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24 Nov 2017

Beware of Empty Tory Promises

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23 Jul 2017
The Tories’ failed policies cannot reverse the economic and social decline that brought misery to millions across Britain – Labour’s For the Many not the Few manifesto is the only viable alternative, argues Diane Abbott MP.

Last week Theresa May marked one year as Prime Minister with yet another relaunch speech in an attempt to show she is working for change, this time asking even opposition parties to “come forward” with ideas on how to tackle the challenges the country faces.

Jeremy Corbyn replied by saying she and her government have run out of ideas and policies for a better Britain and suggested she reads the Labour manifesto For the Many not the Few.

Indeed, the fact that the legislative programme outlined in the recent Queen’s Speech was the most threadbare I can remember during my time in Parliament starkly illustrated this.

And the proposals the Tories do have represent either a “more of the same” approach when it comes to failed austerity or a continuation of the antiforeigner distraction they have used to scapegoat migrants and others from the problems they have created.

Like her speech for the now seemingly forgotten vision of a “shared society” in January, May has again this week been heavy on rhetoric about being on the side of change, fairness and opportunity but has no
solutions to spiralling poverty and inequality in Tory Britain.

As my colleague Andrew Gwynne MP said this week the Tories have also been “brazenly borrowing Labour’s campaign slogans. But no-one will be fooled — the Tories are the party of the privileged few.” 

Whatever May’s rhetoric, if the Tories stay in power all the British public can expect is more of the same failed approach which has seen the slowest economic recovery since 1920 with a cost-of-living crisis  approaching for everyone — while the top enjoy more tax breaks — tuition fees set to stay at their high level and an NHS in crisis with patients waiting longer and hospitals in financial meltdown.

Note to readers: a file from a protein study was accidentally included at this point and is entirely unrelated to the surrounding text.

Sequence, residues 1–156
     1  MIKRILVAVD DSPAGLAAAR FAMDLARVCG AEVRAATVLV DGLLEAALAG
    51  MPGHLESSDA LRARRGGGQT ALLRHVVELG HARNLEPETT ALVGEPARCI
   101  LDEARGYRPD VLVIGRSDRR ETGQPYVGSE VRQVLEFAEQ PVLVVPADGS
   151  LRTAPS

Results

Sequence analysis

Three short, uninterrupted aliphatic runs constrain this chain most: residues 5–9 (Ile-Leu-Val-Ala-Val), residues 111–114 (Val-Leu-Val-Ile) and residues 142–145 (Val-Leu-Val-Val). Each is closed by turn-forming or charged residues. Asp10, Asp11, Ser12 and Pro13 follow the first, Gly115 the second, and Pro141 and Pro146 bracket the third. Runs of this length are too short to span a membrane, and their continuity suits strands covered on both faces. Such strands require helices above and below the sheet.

Again and again — in the last year — Tory-supporting media have suggested that the government has already either moved away from its failed ideologically driven austerity agenda, or will soon seek to do  so.

But as Philip Hammond and May have both made clear in recent weeks, the savage cuts of the Osborne-Cameron years are not only here to stay, but set to deepen.

The recent debates on the public-sector pay cap have illustrated this clearly.

While Theresa May can find her own “Magic Money tree” to the tune of £1bn to keep herself in a job by bribing the DUP, the government refuses to move away from an approach which is seeing pay cuts in real terms for our public servants.

At the same time, the Tories are clinging to an approach which has led to a funding crisis in the NHS last winter, and more and more people in the education sector are warning that our schools simply can’t  handle more of the same.

The Tory Party of never-ending and ever-failing austerity is still very much the Nasty Party, as demonstrated by its willingness to go into a coalition of chaos with the illiberal DUP. While some of the clearest policy illustrations of the toxic  combination of austerity in economics and reactionary views in terms of society present in their general election manifesto — such as taking  free school lunches away, the “dementia tax” or the barbaric proposal to bring back fox hunting — have now been put on the backburner, the fact  they wanted to pursue them shows just how little has changed.

And as they desperately try to cling on to power, we should be aware that the Tories may return to the politics of scapegoating at their September annual conference.

After the one last year — when Theresa May was lauded by many as a PMwho would work for a fairer Britain — it took only weeks for Home Secretary Amber Rudd to announce that companies could be made to publish lists of overseas workers, Liam Fox say that providing any guarantees  for existing EU workers would be to “hand over one of our main cards” in Brexit negotiations and Jeremy Hunt to call for an NHS without any foreign doctors.

Whatever reactionary policies they do bring forward, we should be clear that with strong opposition this government can be defeated.

The Corbyn-led Labour Party will continue to challenge the Tories  across the board — from fighting to defend our NHS and education system to their scapegoating of vulnerable communities.

Labour is ready to rebuild a Britain that is fairer and better. In contrast to the Tories we have a clear programme for government that can bring Britain together and genuinely protect jobs and communities based on our economic alternative of investment in our future.

If all May’s government can offer is permanent failure and disarray, with nothing more than a rhetorical commitment to shaping a fairer Britain, then it needs to stand aside and let Labour govern for the  many, not the few.

* Originally published in The Morning Star

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